Author Topic: An Approach Story  (Read 4516 times)

Offline AirtransRecon

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An Approach Story
« on: January 10, 2007, 04:31:29 AM »
I just completed my exodus of Tallahassee and am now safely nestled in Lakeland Florida but before I could do so one large problem laid in the way. My car was still several hundred miles north of my location and needed to be retrieved post haste (before phsyco ex-girlfriend located and subsequently destroyed it) The car was pretty well hidden so it wasn't a major concern, plus I know a few good lawyers.

Anyway, onto the flight.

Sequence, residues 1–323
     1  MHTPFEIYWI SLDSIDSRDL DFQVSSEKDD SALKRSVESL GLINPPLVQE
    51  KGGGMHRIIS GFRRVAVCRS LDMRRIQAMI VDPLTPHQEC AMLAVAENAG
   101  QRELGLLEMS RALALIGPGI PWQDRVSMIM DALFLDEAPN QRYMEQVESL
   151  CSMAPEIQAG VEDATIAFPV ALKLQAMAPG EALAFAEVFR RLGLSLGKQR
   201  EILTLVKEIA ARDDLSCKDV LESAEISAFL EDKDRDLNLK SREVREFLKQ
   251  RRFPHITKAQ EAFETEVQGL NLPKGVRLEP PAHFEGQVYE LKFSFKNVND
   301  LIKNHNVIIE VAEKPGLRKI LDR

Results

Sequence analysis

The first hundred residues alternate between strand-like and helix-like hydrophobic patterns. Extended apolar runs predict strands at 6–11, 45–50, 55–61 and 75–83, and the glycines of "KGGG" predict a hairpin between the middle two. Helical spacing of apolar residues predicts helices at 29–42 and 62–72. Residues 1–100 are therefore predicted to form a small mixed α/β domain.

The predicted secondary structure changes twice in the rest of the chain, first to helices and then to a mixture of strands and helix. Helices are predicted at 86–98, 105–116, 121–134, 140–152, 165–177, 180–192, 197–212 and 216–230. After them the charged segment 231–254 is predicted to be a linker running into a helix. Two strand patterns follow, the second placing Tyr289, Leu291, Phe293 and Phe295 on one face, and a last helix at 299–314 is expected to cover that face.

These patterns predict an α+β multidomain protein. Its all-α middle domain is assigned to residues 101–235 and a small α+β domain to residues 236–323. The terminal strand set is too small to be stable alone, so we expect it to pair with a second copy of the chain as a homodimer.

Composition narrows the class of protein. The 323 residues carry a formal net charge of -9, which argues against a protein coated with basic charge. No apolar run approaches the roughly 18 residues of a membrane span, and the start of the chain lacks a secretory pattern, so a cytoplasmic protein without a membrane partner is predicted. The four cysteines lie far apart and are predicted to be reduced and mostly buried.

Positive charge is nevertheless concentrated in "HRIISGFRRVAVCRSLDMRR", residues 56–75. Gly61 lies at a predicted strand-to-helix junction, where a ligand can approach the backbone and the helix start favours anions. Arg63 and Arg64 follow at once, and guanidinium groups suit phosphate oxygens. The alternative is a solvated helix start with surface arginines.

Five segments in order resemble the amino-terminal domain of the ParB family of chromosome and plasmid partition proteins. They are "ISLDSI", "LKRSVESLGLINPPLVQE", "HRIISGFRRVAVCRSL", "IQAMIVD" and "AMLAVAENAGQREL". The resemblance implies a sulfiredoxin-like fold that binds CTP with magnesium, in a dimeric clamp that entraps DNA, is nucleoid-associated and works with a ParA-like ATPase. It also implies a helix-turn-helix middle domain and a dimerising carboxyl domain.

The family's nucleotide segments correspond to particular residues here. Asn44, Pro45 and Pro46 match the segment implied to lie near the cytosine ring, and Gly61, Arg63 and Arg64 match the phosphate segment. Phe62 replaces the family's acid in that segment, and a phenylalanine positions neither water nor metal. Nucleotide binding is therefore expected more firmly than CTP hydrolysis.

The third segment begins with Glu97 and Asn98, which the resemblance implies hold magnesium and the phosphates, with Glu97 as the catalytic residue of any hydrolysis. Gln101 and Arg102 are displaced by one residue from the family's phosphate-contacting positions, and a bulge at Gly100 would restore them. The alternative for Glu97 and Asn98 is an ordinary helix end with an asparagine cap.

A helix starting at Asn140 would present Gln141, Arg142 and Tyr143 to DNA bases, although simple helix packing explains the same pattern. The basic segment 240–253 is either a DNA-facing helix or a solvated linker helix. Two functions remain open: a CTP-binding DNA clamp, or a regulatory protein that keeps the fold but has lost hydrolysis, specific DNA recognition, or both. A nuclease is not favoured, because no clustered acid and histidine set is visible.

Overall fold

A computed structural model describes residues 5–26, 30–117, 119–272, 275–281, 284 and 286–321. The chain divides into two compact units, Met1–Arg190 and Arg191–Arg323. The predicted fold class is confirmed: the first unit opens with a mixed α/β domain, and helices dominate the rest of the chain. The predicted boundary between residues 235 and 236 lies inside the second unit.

Grabbed Dad and his plane and off we go to Tally to rescue my car. Beautiful Fl weather, clear skies and amazing visibility but a facing a 20+ knot headwind at alt 3 and 6 thousand while trying to maintain 4500 the whole way. Cruise speed was about a ball park 80 mph ground which made the trip a little longer than it would have been otherwise. Made a perfect takeoff from Lakeland, a perfect cross-wind landing in Perry Fl (my first cross wind attempt), pretty good cross wind take off (again, first time) and then on to Tally and class C airspace (Lot's of firsts for me on this trip) Dad is on the radios the whole time, being the licensed pilot between the two of us, but I'm handling the bird. (By the way, it's a 172 with a STOL kit) We get vectored into Tally on runway 27 following a twin of some kind that's flying significantly faster than us so no real factor. I set up the approach and I get us lined up beautifully, coming in over Tally on 27 the approach takes you directly over a water treatment center and from there it's only a few hundred feet to the runway. So we're over the crap farm as I referr to it, I'm on glide slope, pulling the power back, no flaps (slow enough without 'em) everythings looking perfect. Just as I pull the carb heat, tower calls our N number and instructs us to terminate our approach and turn left for re-vectoring to 27. Damn it all to hell, an Embrier (I think) on long approach caught up with us faster than expected. Dad has the plane and I'm watching for traffic, slightly annoyed as I had a text book perfect approach dialed in. We do a quick turn and a REAL short final in which I'm mirroring the controls and feeling the right way to do this. Back on the ground to the FBO a lone red black and white 172 sat amongst Corporate sleds painted in what seemed to be variations of white and grey. She kind of stood out amongst the other plumage. Line guy rolls up in a golf cart and puts down a red carpet pad (evidently standard practice for every arriving aircraft at this FBO, classy joint) on the pilots side. I must say a first for this aircraft, owner, and son. Great trip.